Chapter I

A Simple Overview of the Memory

 

Memory or remembrance, it may seem, is but a very common and easily understood word. The only reason for this is that it resides in our selves and can therefore be easily identified. When, for instance, we are able to recall the dog, the car, or the house that we have caught sight of somewhere moments ago, we tend to say that we have a good memory. In The Merriam-Webster’s electronics dictionary, the word “memory” is briefly defined as the power or process of remembering, or, the store of things remembered. The Random House Webster’s dictionary defines “memory” as the mental ability to keep and recall facts, events, or experiences.

 

Anyone void of memory is definitely in a state of total paralysis. Each of us has, since our birth, been endowed with a brain in which we can store our memory. This explains why we have since birth been able to store everything our parents have taught us in our brains as memory. An infant learns how to keep his body in a state of balance so that he can sit, stand, and walk. He then learns to imitate the various sounds so that he is able to express words. Next, he learns the meanings of the various sounds and the meanings that the various combinations of these sounds convey. This way he is able to understand what the other person means by the series of sounds, commonly known as sentences. This is how man first attains his ability to converse with each other at the age of two. Today, however, because everything has been running automatically and naturally, we tend to forget that all that we have managed to attain is in fact a result of the hardship we have been undergoing to get everything recorded in our brains as memory.

 

Do you still remember the time when you were at school, learning the alphabets, and then combining them to form words, and later writing and arranging these words to form sentences? Not only this, you also learnt the meanings of the words and the meanings they would convey when arranged to form a sentence.

Today, however, everyone seems to be able to write meaningful sentences quickly and without much effort. Why? Because we have the ability to store the data of the alphabets, the words derived from their combination, and the sentences, with all the meaning they convey, derived from the combination of these words. It is thus no surprise that we are now able to communicate well with each other, both orally and in writing.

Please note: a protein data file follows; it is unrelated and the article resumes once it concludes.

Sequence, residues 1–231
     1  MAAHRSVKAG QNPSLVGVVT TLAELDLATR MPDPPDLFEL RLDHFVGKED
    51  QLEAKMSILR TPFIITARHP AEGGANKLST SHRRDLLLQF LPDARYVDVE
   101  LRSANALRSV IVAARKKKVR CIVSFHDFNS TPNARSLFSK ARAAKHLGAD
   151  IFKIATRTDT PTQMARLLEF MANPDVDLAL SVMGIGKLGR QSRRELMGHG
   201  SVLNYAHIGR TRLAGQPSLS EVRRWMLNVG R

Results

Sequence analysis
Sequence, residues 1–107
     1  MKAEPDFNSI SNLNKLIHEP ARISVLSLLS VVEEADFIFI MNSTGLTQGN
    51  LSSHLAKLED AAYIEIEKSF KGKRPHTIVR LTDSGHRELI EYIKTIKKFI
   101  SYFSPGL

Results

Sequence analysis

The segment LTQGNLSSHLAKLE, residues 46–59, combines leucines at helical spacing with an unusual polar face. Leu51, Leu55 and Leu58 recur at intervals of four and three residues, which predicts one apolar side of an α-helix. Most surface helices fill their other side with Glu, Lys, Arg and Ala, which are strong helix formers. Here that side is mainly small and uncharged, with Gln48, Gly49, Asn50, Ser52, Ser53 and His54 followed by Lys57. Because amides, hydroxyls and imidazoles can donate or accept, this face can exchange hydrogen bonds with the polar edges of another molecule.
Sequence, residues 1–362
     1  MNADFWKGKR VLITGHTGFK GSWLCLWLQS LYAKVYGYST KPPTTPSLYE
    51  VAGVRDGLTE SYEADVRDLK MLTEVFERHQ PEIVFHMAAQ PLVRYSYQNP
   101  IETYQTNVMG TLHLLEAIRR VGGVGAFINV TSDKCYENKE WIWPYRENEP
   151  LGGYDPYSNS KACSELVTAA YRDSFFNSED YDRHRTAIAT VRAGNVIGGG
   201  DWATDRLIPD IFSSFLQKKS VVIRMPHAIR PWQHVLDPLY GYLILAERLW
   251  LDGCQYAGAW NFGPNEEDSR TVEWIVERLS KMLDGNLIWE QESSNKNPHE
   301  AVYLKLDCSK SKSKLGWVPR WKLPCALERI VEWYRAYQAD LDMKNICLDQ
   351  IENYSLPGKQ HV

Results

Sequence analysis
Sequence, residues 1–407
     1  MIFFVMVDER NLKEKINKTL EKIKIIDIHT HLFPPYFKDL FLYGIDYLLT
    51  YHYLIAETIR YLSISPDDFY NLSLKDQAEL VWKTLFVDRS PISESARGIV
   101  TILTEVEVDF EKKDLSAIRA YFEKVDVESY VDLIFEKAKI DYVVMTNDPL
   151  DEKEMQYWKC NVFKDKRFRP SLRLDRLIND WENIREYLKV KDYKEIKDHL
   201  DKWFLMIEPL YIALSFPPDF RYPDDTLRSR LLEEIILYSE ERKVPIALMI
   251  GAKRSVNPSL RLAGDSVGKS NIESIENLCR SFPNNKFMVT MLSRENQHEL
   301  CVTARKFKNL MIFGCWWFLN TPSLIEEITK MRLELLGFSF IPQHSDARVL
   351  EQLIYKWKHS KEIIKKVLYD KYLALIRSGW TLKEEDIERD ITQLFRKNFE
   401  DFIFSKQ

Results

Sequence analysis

As memory is not confined to what we have just described above, let’s now take a look at the process by which it is formed.

Man, like all other entities, is affected by the various forms of influences coming from outside his body. Our senses are receptive to the various objects, be they solid, liquid, or gaseous; the various molecules; the various sounds; the various light waves, etc.

Our eyes receive stimuli from the various light waves; our ears from the various sounds; our nose from the various gas molecules; our tongue from the various molecules of both solid and liquid objects; and our skin from the various objects and changes in temperature and humidity.

In fact, there are numerous other stimuli from external conditions that our senses are able to receive, though admittedly, however, there are also lots of those that are simply beyond the receptive capacity of our senses. Any external stimuli that our senses are able to receive are further passed on by our nerves to our brains as impressions.

Under normal circumstances, these impressions are, where conditions permit, stored in our brains as memory. Thus, it shouldn’t surprise us if we can at this very moment remember the things we had once seen, heard, smelt, tasted, and touched.

 

Our senses are not the only ones that can provide such impressions and store them as memory. In fact, all inner parts of our cells are able to transmit impressions to our brains, where they are then stored as memory. This explains why we are able to recall the various pains, stiffness, and sprains, etc. that come from within our bodies.

If all that our memory can do is to store the various data from inside and outside our bodies, we are indeed justified in saying that it functions as no more than mere data storage. The fact, however, is that it can also recall whatever we have recorded in our brains. And, as it turns out, our memory can also store the various results of the workings of the brain. It has the ability to remember any process of changing, combining, creating, separating, and deleting images from the various impressions that we have just performed. Thus, it has the ability to remember not only those impressions originating from our senses and our whole bodies but also those that originate from our brains themselves.

 

Memory is not something that belongs solely to human beings; almost all mobile living creatures, such as animals, have memory, as it is essential for them to survive.